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Established 16/3/2000

Dowth North aligned on Minor Standstill moonset

Passage also accepted beam of sunlight on November-February Cross-Quarter Day

In her 1969 plan of the northern passage of Dowth, Clare O’Kelly worked out the magnetic bearing of Dowth’s northern passage using a line centred on the rear orthostat of the central recess of the chamber passing through the centre of the distance between the two outermost passage orthostats — L1 and R1. This line is marked on the plan below as line (A).

Dowth North plan with azimuths

The orientation of the northern passage of Dowth is given as 250 degrees magnetic azimuth in Clare O’Kelly’s 1969 drawing. This may be an old survey, but the alignment of Dowth North has been confirmed by another recent survey. The results point towards the possibility that this passage was, in fact, oriented towards the setting position of the Moon for minor standstill south setting in c3300BC. When the plans were drawn in the 1960s, magnetic north was used rather than true north. According to F. Prendergast and T. Ray ("Ancient Astronomical Alignments: fact or fiction?", Archaeology Ireland, Summer 2002), the angular difference is large since magnetic north at the time the plans were drawn was 12’ west of true north.

So, in order to correct for this error, we must subtract 12 degrees from the magnetic reading, which according to O’Kelly is 250 degrees. This gives us 238 degrees (True), which is bang on to the Minor Standstill South setting moon for the epoch c3300BC. Using SkyMap (v7), I worked out the azimuth of Minor Standstill setting for c3300BC at almost exactly 238 degrees azimuth, based on a declination for the moon of -18 degrees 45 arcminutes. (*Note: This is a geocentric azimuth. Correction for topcentric, or local, azimuth, due to parallax means the Minor Standstill setting may have been as much as a degree south of this azimuth. See Victor Reijs' page for explanation. Even with this one degree of difference, it would not make any change to the conclusion that Minor Standstill would still shine into the central recess of Dowth North, providing the survey data is accurate).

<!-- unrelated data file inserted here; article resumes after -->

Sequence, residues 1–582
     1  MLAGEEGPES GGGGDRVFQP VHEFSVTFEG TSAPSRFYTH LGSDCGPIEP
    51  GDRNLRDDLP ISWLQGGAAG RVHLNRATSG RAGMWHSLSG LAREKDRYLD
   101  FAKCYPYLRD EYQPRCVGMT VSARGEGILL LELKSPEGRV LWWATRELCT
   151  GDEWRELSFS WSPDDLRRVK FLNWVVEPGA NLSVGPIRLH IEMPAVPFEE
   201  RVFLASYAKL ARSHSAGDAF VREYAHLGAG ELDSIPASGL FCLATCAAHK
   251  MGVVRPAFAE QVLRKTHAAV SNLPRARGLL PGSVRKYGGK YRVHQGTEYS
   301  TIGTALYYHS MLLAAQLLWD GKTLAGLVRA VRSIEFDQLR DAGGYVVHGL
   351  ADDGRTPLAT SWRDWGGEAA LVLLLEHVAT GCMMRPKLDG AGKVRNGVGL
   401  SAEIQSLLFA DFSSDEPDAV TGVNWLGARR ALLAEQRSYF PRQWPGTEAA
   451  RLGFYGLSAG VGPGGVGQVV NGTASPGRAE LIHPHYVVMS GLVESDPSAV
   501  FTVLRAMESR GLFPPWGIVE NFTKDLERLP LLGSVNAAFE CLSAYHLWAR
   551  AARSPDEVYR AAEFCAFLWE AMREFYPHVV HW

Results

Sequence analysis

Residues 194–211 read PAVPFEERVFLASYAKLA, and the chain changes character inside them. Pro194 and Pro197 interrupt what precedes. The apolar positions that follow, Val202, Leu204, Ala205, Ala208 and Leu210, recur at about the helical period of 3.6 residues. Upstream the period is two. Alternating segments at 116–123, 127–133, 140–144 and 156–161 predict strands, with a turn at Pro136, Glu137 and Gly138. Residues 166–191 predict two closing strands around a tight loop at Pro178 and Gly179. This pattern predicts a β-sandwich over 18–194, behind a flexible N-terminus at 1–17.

Based on a flat horizon, and with the correct latitude and longitude for Dowth, that would be the modern equivalent of November 16th sunset. That sunset, as confirmed by observations and photographs by myself and Anne-Marie Moroney, would put a half-visible sun sitting over the entrance of Newgrange - i.e. over the part which, viewed from Dowth, would contain the milky quartz.

Nov 14th sunset from Dowth over Newgrange

Sunset on November 14th photographed from the top of Dowth looking at Newgrange. It is hard to see the actual disc of the sun, but subsequent observations showed the Nov. 16th sunset sets over the entrance to Newgrange.

The range of azimuths allowed by the passage in its current state is shown in the plan at the top of the page. The northernmost azimuth covered is 245 degrees, which almost certainly would allow the sunset on the November-February (Samhain/Imbolc) Cross Quarter Day to shine onto Chamberstone 13 (C13 marked on plan). This northernmost azimuth is marked with the line (B), and the beam itself would have lit up the side of a beautifully carved chamberstone, C19 (Photo on right, see First Light illustration below). The southernmost reach of the range of azimuths is 231 degrees T, which is only a few degrees from Winter Solstice sunset (Line (C)).
Chamberstone 19
 

Chamberstone 19, Dowth North

 
First Light at Dowth North

First flash, last flash at Dowth North

Using SkyMap to bring us back to the 3300BC epoch, I calculated the approximate dates when the sun would begin to shine into the chamber of Dowth North and when it would shine for the last time during its southward run along the horizon towards Winter Solstice. The "first flash" event (illustrated on left), when the sun beam first enters the chamber, occurs at 51 days before Winter Solstice, which would be around the old Samhain cross-quarter event (November/February Cross-Quarter).